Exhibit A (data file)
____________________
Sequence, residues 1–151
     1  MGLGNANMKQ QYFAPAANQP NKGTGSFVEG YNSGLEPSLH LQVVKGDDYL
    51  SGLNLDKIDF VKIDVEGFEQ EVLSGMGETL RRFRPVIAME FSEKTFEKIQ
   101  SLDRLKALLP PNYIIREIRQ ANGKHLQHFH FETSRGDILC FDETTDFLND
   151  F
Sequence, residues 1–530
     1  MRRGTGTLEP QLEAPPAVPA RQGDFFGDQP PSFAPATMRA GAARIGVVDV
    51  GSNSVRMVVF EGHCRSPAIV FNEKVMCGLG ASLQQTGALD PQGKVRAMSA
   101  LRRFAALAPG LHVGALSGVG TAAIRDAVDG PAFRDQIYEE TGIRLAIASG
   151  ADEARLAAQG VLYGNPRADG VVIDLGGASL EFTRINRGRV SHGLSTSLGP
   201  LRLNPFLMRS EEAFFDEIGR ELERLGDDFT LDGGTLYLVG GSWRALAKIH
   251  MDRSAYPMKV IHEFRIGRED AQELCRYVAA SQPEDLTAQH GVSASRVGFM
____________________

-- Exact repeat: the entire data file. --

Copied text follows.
Sequence, residues 1–151
     1  MGLGNANMKQ QYFAPAANQP NKGTGSFVEG YNSGLEPSLH LQVVKGDDYL
    51  SGLNLDKIDF VKIDVEGFEQ EVLSGMGETL RRFRPVIAME FSEKTFEKIQ
   101  SLDRLKALLP PNYIIREIRQ ANGKHLQHFH FETSRGDILC FDETTDFLND
   151  F
Sequence, residues 1–530
     1  MRRGTGTLEP QLEAPPAVPA RQGDFFGDQP PSFAPATMRA GAARIGVVDV
    51  GSNSVRMVVF EGHCRSPAIV FNEKVMCGLG ASLQQTGALD PQGKVRAMSA
   101  LRRFAALAPG LHVGALSGVG TAAIRDAVDG PAFRDQIYEE TGIRLAIASG
   151  ADEARLAAQG VLYGNPRADG VVIDLGGASL EFTRINRGRV SHGLSTSLGP
   201  LRLNPFLMRS EEAFFDEIGR ELERLGDDFT LDGGTLYLVG GSWRALAKIH
   251  MDRSAYPMKV IHEFRIGRED AQELCRYVAA SQPEDLTAQH GVSASRVGFM